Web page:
Reasoning flows not only forward, from anticipation and hypothesis to confirmation or revision, but also backward, from the experience to what it reminds us of or makes us think about. This chapter is largely dedicated to the power of backward thinking. Its aim is not to deny the existence of anticipation and expectation, but to encourage the consideration of alternative accounts for some of the observations that are routinely explained in terms of forward processing.
This chapter is concerned with category norms that represent knowledge of concepts and with stimulus norms that govern comparative judgments and designate experiences as surprising. In the tradition of adaptation level theory (Appley, 1971; Helson, 1964), the concept of norm is applied to events that range in complexity from single visual displays to social interactions.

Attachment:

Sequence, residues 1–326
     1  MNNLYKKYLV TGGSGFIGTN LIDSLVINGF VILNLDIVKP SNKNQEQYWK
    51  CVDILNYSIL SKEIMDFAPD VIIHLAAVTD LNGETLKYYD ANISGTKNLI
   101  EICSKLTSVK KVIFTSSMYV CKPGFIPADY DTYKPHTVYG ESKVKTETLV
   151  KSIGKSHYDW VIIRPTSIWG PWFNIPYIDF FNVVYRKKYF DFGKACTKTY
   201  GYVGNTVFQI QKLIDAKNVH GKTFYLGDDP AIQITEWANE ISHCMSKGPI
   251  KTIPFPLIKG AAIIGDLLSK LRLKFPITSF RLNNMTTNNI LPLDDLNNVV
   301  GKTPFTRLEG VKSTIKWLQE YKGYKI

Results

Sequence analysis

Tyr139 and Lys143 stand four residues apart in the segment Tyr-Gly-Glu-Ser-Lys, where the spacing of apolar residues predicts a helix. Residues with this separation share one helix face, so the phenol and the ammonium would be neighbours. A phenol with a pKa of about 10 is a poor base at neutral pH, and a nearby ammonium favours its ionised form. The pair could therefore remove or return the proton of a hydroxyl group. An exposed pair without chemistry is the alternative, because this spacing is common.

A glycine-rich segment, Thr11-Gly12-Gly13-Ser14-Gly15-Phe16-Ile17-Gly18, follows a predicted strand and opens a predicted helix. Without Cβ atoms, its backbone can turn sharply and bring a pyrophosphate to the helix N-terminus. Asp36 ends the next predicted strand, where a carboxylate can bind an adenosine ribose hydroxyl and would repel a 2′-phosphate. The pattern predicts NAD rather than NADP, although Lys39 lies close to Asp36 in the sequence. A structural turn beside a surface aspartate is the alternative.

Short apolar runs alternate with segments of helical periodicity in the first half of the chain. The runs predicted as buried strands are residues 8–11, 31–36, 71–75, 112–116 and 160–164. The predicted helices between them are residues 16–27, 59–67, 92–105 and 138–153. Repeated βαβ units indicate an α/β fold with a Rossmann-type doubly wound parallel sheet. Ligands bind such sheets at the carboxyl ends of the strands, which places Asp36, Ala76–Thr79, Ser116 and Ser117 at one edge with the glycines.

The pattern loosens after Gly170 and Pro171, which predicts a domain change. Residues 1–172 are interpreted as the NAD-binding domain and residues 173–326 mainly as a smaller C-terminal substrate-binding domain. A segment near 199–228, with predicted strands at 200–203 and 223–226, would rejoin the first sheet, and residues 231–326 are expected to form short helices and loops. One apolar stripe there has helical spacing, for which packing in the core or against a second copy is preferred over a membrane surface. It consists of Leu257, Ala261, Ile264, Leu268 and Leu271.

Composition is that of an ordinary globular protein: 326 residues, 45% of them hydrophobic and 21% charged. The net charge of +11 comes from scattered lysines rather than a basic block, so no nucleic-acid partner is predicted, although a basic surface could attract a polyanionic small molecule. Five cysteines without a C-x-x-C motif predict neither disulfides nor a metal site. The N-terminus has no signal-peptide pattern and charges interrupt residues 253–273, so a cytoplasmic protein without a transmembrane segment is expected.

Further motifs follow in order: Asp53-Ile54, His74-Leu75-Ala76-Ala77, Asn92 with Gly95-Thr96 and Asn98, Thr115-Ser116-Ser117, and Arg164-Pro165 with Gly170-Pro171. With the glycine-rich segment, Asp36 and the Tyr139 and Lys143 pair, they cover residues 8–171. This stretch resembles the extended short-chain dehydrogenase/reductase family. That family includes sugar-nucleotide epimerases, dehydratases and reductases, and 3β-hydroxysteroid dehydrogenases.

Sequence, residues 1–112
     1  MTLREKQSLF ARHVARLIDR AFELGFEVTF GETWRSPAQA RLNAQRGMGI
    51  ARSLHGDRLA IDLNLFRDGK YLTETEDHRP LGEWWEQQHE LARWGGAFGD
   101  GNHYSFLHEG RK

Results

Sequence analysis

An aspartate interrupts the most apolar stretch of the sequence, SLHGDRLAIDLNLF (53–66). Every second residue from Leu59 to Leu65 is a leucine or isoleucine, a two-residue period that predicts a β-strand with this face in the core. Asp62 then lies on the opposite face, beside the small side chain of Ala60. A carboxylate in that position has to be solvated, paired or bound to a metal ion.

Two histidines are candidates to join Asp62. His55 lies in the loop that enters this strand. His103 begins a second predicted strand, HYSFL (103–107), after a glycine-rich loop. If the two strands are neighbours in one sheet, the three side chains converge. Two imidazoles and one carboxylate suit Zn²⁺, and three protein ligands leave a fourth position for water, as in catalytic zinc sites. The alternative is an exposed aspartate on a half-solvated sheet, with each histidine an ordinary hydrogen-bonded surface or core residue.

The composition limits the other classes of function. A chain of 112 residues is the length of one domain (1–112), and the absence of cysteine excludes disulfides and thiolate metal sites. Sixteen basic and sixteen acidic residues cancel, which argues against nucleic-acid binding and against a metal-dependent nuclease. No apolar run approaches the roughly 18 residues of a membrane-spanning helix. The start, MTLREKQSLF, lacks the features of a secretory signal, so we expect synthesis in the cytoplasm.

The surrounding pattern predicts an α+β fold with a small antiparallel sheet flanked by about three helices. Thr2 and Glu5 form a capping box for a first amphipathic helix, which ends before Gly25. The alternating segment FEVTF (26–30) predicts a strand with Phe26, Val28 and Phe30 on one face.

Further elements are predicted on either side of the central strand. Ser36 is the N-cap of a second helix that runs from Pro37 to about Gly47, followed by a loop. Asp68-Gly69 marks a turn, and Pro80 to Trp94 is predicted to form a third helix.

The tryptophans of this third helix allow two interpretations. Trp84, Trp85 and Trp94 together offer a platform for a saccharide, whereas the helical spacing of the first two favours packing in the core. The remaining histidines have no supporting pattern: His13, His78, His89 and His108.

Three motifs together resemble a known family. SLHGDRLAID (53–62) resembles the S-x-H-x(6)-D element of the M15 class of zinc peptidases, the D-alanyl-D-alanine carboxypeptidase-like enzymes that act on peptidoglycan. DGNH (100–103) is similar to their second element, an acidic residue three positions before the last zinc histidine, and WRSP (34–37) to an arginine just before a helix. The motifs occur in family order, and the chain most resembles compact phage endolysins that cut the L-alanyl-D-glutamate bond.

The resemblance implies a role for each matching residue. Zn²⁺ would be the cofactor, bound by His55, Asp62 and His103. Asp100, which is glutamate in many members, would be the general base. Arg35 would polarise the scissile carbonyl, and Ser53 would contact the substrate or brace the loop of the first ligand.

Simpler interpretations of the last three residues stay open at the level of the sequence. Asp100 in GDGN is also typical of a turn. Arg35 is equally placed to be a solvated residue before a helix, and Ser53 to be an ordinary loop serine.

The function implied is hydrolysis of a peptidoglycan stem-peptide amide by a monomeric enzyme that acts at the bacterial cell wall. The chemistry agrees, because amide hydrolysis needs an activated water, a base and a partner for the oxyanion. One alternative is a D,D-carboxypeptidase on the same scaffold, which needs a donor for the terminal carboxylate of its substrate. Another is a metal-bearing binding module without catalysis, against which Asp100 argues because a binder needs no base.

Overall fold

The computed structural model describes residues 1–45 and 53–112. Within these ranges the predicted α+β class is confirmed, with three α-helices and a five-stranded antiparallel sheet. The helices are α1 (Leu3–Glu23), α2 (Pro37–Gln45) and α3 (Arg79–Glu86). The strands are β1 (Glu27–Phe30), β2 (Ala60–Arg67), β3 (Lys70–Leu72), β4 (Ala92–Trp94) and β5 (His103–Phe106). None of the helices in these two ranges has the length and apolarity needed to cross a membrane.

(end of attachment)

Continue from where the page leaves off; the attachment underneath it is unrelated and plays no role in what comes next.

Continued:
The central idea of the present treatment is that norms are computed after the event rather than in advance. We sketch a supplement to the generally accepted idea that events in the stream of experience are interpreted and evaluated by consulting precomputed schemas and frames of reference. The view developed here is that each stimulus selectively recruits its own alternatives (Garner, 1962, 1970) and is interpreted in a rich context of remembered and constructed representations of what it could have been, might have been, or should have been. Thus, each event brings its own frame of reference into being.